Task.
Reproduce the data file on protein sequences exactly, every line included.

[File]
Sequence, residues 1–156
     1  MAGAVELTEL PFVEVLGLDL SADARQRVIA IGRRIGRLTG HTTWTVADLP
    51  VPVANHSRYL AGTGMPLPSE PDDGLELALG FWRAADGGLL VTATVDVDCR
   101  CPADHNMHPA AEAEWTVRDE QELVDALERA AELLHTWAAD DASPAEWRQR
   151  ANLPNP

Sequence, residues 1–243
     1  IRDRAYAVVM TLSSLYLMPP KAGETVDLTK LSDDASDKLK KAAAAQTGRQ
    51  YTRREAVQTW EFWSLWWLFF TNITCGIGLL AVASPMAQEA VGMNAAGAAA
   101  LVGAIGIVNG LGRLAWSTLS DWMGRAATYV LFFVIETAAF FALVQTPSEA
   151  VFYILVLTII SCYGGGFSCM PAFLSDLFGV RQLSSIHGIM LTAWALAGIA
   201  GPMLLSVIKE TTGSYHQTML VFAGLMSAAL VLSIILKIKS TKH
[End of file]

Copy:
Sequence, residues 1–156
     1  MAGAVELTEL PFVEVLGLDL SADARQRVIA IGRRIGRLTG HTTWTVADLP
    51  VPVANHSRYL AGTGMPLPSE PDDGLELALG FWRAADGGLL VTATVDVDCR
   101  CPADHNMHPA AEAEWTVRDE QELVDALERA AELLHTWAAD DASPAEWRQR
   151  ANLPNP

Sequence, residues 1–243
     1  IRDRAYAVVM TLSSLYLMPP KAGETVDLTK LSDDASDKLK KAAAAQTGRQ
    51  YTRREAVQTW EFWSLWWLFF TNITCGIGLL AVASPMAQEA VGMNAAGAAA
   101  LVGAIGIVNG LGRLAWSTLS DWMGRAATYV LFFVIETAAF FALVQTPSEA
   151  VFYILVLTII SCYGGGFSCM PAFLSDLFGV RQLSSIHGIM LTAWALAGIA
   201  GPMLLSVIKE TTGSYHQTML VFAGLMSAAL VLSIILKIKS TKH